Guidance Statement From ACP Nixes Routine PSA Testing

Roxanne Nelson

April 08, 2013

For most men, the benefits of screening with the prostate-specific antigen (PSA) test are outweighed by the harms, according to new recommendations from the American College of Physicians (ACP).

The guidelines note that physicians need to inform patients about the benefits and harms of prostate cancer screening, and screening decisions should be based on the individual's preferences, prostate cancer risk, general health, and life expectancy.

The recommendations also state that men between the ages of 50 and 69 should discuss the limited benefits and substantial harms of the prostate-specific antigen (PSA) test with their clinician before undergoing screening.

In addition, physicians should not screen patients unless the individual expresses a clear preference for screening following a discussion of benefits and harms. Men at an average risk for disease should not be screened if they are younger than 50 years or older than 69 years, nor should men with a life expectancy less than 10 to 15 years.

The new guidelines appear in the April 9 issue of Annals of Internal Medicine.

Only a Modest Benefit

While a small number of prostate cancers are serious and can cause death, the vast majority are slow growing and not lethal, commented Amir Qaseem, MD, PhD, Director, Clinical Policy, ACP, and first author of the paper. "There is a need to balance the small benefits from screening with harms such as the possibility of incontinence, erectile dysfunction, and other side effects that result from certain forms of aggressive treatment."

Dr. Qaseem pointed out that there are many guidelines on this topic, and there is also controversy over PSA testing. "Some guidelines are developed from randomized trials and others are based on expert opinions," he said in an interview. "We conducted a review and the current evidence shows that there is a modest mortality benefit with PSA, but that there are also substantial harms associated with testing."

The potential benefit of prostate cancer screening corresponds to preventing about 1 death for every 1000 men, he explained, after 11 years of follow-up.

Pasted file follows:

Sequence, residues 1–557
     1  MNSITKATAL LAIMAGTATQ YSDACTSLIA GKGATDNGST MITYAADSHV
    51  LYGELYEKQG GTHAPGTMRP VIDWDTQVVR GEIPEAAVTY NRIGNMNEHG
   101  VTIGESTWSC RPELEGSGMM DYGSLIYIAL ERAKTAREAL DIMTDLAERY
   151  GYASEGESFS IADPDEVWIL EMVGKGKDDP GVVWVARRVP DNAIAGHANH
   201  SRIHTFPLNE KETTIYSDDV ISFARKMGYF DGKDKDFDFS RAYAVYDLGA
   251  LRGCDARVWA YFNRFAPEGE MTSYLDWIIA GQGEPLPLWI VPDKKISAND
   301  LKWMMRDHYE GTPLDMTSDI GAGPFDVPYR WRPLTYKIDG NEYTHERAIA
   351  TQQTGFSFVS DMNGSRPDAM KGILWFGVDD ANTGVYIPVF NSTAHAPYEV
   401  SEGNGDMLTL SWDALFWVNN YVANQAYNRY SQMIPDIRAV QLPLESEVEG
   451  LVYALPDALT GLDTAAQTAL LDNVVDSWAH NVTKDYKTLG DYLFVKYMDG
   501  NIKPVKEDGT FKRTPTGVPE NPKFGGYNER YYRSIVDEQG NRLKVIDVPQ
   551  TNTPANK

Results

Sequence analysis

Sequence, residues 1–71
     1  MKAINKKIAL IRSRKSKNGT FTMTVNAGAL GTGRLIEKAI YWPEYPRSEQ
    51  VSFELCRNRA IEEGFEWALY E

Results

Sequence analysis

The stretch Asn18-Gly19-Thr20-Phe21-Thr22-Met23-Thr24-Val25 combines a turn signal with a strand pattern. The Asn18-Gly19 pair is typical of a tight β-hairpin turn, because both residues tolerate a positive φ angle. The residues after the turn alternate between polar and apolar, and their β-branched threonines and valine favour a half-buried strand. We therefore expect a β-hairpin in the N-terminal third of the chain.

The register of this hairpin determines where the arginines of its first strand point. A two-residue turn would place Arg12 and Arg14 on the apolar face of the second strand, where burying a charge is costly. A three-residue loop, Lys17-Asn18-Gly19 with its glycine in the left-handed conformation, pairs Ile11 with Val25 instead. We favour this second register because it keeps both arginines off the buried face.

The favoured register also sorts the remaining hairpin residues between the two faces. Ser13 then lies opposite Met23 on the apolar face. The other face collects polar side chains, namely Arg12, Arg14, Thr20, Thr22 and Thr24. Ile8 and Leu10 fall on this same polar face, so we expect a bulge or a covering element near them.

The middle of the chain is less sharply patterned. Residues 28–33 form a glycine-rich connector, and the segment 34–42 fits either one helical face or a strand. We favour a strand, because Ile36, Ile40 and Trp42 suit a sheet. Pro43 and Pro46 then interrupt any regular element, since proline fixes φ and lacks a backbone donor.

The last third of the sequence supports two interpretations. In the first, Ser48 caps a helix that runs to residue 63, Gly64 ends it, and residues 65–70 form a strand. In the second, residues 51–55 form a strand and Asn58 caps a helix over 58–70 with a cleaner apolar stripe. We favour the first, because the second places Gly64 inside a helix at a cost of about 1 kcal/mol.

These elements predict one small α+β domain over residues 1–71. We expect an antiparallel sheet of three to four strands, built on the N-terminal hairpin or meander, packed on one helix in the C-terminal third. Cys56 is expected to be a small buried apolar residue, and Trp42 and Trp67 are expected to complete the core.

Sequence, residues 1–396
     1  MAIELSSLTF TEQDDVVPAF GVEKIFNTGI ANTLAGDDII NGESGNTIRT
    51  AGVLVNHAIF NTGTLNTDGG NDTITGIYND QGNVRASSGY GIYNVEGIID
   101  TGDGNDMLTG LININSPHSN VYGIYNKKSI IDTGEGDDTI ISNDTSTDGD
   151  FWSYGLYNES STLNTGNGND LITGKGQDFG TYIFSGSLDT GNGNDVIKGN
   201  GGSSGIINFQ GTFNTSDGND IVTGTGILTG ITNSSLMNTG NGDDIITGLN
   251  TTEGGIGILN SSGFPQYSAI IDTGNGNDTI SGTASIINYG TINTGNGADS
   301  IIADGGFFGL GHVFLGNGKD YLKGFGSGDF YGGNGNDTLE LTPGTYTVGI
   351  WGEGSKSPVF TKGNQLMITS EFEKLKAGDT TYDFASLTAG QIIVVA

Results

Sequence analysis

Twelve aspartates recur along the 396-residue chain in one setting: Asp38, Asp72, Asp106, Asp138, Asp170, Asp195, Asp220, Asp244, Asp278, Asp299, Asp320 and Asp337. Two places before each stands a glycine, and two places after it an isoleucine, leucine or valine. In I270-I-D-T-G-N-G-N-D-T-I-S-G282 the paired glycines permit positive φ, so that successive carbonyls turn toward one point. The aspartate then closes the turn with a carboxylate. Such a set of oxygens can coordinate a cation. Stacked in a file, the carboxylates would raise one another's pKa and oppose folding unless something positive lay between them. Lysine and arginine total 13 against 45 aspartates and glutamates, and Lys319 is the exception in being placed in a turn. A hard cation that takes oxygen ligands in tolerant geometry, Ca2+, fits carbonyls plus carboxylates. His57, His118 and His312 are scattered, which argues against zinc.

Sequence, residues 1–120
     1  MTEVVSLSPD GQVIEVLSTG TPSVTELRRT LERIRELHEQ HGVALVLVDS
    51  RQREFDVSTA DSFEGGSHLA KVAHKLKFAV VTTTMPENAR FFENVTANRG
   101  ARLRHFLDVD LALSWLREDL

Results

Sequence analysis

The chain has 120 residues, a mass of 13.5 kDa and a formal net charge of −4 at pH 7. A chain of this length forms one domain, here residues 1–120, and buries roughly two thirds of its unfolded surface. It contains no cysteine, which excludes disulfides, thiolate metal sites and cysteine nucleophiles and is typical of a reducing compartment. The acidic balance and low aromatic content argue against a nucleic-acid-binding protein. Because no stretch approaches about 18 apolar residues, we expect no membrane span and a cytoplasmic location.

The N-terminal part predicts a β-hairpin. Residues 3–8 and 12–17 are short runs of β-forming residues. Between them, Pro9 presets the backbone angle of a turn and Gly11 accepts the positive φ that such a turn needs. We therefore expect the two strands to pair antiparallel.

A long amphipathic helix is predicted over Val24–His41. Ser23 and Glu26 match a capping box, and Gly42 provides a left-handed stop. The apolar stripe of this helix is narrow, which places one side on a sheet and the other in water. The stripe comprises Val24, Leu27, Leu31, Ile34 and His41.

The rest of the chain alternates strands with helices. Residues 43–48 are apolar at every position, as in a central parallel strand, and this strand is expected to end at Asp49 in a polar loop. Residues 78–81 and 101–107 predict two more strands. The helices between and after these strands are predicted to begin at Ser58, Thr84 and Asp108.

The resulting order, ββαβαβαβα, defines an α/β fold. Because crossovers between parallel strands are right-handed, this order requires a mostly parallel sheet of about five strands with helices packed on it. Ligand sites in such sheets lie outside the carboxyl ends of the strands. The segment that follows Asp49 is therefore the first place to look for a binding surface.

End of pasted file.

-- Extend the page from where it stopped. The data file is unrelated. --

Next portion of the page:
He noted that in the average-risk patient, the benefits do not clearly outweigh the harms. "Therefore, it is up to the patient," Dr. Qaseem said. "The PSA can detect cancer, and there is a small benefit to testing. And some men prefer to be tested."

Prostate cancer affects about 1 in 6 men, but only about 3% will eventually succumb to the disease. "It also rarely causes death in men younger than 50 years," he added, "And most deaths occur in men older than 75 years."

Debate and Conflict Over Screening

The debate over routine PSA screening has been a hot topic during the past few years, and certainly reached a crescendo following the US Preventive Services Task Force (USPSTF) recommendations against it. Some experts have pointed out that during the last 2 decades, and concurrent with the dissemination of PSA screening, there has been a significant decline in prostate cancer-specific mortality in the United States (Lancet Oncol. 2008;9:445-452).

The American Cancer Society, however, has updated its guidelines and put more of an emphasis on informed decision-making than previously. Men should only be screened "after they receive information about the uncertainties, risks, and potential benefits associated with prostate cancer screening," the document states.

To add to the controversy, 2 large clinical trials produced conflicting results. Results from the large US Prostate, Lung, Colorectal, and Ovarian (PLCO) Cancer Screening Trial suggest that prostate cancer screening does not reduce deaths from the disease. But data from the European Randomized Study of Screening for Prostate Cancer (ERSPC) suggest that PSA screening reduces prostate cancer mortality by about 20%.